Sections


Editorial


Editorial pieces will be on the journal content and important educational themes.


Research Articles


Research articles include descriptions of empirical research studies. Papers are written in the third person and are between 2,000 and 5,000 words. The normal journal format of abstract (maximum 200 words), introduction, methodology, results, and discussion is expected, however, there may be some variation by discipline. Research articles are subject to double-blind peer review.


Literature Review Articles


Review articles  focus on topics that have seen significant development or progress in recent years with comprehensive depth, balanced perspective, intellectual insight, and broad general interest. Reviews do not merely summarise the literature, but should critique fundamental concepts, issues, and approaches that define the field of learning and student experience in further and higher education. Review articles cannot include unpublished material (unpublished/original data, submitted manuscripts, or personal communications). Any inclusion of verbatim text must be contained in quotation marks and clearly reference the original source. Review articles are written in the third person and have a maximum word count of 6,000 words and may include up to five figures/tables. The abstract should have a maximum of 200 words. Review papers are subject to double-blind peer review.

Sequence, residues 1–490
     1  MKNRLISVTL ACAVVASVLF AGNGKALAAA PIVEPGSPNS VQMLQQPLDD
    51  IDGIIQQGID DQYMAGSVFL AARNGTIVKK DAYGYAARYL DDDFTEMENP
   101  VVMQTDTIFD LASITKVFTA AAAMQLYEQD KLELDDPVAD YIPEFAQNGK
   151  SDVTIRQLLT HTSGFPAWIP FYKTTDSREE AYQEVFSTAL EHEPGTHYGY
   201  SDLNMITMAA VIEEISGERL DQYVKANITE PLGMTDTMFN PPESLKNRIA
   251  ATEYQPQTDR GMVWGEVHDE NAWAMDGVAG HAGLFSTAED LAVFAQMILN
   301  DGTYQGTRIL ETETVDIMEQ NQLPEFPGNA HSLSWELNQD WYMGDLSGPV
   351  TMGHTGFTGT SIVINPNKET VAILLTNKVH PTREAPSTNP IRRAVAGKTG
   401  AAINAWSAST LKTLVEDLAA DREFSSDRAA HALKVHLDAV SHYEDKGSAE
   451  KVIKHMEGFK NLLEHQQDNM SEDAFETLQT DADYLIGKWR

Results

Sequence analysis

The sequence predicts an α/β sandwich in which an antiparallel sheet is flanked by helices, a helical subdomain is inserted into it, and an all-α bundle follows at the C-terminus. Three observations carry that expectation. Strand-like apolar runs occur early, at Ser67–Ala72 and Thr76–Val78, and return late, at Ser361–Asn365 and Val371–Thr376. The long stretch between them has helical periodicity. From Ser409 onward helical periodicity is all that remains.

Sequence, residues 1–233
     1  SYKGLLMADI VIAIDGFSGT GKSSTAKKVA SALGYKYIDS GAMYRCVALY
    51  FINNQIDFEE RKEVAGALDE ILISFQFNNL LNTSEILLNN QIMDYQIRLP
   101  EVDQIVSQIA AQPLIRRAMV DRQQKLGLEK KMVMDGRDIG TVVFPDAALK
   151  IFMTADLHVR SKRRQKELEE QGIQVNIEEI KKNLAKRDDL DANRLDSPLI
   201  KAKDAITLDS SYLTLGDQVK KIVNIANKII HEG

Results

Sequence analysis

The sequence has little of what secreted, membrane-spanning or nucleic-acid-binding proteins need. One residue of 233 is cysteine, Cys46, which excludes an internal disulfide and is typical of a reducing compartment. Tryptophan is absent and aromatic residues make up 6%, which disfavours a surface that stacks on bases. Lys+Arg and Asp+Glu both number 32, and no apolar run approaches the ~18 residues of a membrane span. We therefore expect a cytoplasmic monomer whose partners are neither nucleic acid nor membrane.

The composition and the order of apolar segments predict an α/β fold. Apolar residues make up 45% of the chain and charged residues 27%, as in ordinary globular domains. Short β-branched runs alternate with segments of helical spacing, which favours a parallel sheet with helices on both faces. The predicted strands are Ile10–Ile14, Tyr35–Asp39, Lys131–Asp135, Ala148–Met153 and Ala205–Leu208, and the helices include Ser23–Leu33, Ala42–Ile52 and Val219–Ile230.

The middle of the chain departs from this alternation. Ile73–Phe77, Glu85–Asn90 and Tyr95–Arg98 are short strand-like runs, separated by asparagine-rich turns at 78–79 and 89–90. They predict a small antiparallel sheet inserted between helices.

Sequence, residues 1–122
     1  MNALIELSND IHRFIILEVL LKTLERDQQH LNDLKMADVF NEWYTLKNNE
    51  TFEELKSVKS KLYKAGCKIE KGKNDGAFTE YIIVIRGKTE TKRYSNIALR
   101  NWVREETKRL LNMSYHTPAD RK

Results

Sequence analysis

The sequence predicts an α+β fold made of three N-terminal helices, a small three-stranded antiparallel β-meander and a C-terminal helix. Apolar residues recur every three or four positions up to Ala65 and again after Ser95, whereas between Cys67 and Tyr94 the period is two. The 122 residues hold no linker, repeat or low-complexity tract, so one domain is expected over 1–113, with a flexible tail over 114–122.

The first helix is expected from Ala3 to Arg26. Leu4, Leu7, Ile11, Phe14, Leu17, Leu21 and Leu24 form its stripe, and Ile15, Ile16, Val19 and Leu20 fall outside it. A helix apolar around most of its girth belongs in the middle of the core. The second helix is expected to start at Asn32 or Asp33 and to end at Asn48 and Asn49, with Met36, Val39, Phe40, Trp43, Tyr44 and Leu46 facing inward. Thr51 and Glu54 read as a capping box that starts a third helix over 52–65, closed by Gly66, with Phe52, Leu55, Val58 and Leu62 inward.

Practitioner Research / Case Studies


Practitioner research articles /case studies are descriptions of practitioner research studies. Papers are written in the first or third person, as appropriate, and are between 1,000 and 3,000 words. The normal journal format of abstract (maximum 200 words), introduction, methods, results, and discussion is expected for research pieces (however, there may be some variation by discipline), whilst case studies will vary with format.  Practitioner case studies are subject to peer review.


Features



  1. Meet the Prof: This features short, solicited accounts from university professors on their job roles and what really excites them. The first person is used and the length is a maximum of 1,500 words. Meet the Prof is subject to peer review.